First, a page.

Toyota Leaderboard July 18/13 Oct 04/13 Feb 11/14

News archive for January 30, 2014

Report finds North in need of technology upgrades

Without improvements to communications technologies, northern communities will be “left behind,” a new report by the Northern Communications Information Systems-Working Group finds.

By Ainslie Cruickshank on January 30, 2014 at 3:58 pm

Without improvements to communications technologies, northern communities will be “left behind,” a new report by the Northern Communications Information Systems-Working Group finds.

The working group was formed in 2010, after a military operation in the northern Arctic caused significant communications problems for the operation and the community, to improve communications infrastructure in the North.

The 2014 report aims to provide feasible technical and financial solutions to improving communication services. But those improvements won’t come cheap.

A key challenge is improving the North’s communications “backbone” the report notes.

Before recommending options for addressing the infrastructure deficit, the working group set a minimum target broadband speed of nine Mbps upload and 1.5 Mbps download per household.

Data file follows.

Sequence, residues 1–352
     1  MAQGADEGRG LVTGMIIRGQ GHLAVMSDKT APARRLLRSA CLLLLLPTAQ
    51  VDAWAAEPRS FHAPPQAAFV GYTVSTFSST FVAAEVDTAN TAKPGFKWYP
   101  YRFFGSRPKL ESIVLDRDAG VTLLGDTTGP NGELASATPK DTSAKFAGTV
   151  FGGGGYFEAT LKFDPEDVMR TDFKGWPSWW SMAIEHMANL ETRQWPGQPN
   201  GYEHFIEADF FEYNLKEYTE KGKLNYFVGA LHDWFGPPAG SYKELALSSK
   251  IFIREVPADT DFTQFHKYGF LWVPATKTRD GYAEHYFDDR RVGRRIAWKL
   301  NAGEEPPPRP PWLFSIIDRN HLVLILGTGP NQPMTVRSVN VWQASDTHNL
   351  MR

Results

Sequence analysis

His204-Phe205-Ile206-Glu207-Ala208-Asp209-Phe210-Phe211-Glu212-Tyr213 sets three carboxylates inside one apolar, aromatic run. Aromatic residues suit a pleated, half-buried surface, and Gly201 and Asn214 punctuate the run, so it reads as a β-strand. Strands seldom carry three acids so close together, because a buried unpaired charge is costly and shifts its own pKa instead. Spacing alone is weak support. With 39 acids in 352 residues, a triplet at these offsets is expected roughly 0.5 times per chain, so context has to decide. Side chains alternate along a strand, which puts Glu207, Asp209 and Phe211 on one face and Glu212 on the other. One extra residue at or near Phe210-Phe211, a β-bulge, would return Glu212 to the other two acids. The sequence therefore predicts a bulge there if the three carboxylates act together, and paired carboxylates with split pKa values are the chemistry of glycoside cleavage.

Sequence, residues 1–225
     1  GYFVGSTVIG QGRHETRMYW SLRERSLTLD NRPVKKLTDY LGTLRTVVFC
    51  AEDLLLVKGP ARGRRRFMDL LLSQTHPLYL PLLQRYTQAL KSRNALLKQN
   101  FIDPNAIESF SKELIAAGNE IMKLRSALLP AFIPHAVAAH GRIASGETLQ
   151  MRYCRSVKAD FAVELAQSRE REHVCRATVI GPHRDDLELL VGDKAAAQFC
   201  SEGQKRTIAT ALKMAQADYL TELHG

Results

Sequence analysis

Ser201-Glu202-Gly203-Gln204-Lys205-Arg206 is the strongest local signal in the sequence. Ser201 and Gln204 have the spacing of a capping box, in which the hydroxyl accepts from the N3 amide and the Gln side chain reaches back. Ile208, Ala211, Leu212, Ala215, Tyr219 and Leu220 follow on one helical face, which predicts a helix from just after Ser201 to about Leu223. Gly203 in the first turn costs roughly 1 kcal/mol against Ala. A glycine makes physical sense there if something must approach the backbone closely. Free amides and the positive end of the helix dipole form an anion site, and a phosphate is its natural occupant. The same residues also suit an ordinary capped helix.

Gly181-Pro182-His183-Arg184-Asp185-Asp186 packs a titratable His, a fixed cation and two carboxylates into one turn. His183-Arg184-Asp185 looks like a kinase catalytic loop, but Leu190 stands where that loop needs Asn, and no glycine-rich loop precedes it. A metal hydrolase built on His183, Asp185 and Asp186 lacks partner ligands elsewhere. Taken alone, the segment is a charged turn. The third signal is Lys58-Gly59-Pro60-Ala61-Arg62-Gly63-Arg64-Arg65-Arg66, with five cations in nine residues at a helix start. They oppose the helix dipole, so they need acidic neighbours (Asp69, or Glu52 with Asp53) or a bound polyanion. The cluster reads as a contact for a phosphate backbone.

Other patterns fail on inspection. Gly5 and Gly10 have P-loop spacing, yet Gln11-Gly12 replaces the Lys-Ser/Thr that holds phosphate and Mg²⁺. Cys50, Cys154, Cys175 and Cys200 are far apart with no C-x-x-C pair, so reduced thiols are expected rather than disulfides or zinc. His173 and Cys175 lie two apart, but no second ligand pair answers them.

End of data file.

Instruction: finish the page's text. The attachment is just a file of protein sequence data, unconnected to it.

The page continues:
But Steve Sorochan, the director of the Technology and Telecommunications Directorate within Yukon’s Department of Economic Development, said that’s not much a stretch for the Yukon given the territory’s infrastructure. He noted Northwestel is aiming to provide speeds of 15 Mbps through its modernization plan.

Currently the Yukon and the Northwest Territories have an average speed of 2.6 Mbps per household in communities served by microwave and satellite technologies, the report says.

Sorochan said the more pressing concerns for Yukon are reliability and affordability.

The report provides four options for upgrading and creating redundancy in the three northern territories.

Option one would include upgrades to the existing backbone to meet the target broadband speed, but no new redundancy. The report estimates the upgrade costs alone for the Yukon would be about $21.8 million

Option two would ensure every community has a backup system and calls for the upgrades to the main system included in option one. For the Yukon the upgrade costs for option two are likely to be in the range of $61.6 million.

Option three would require the creation of a backup system that could handle the full traffic level of the main system in the event of a primary-network failure as well as the upgrades in option one. The upgrades in option three would cost the Yukon about $390.1 million.

The final option would include upgrades to the primary system outlined in option one, the upgrades to the backup system outlined in option two, and in the Yukon, Dawson City would be added to the fibre system.

Option four would cost the territory about $104.4 million in upgrades.

Given the high costs associated with network improvements the report concludes that funding sources from outside the territories will be necessary. It notes that in Australia, the U.S. and the United Kingdom investment from federal governments is often the principle source of funding.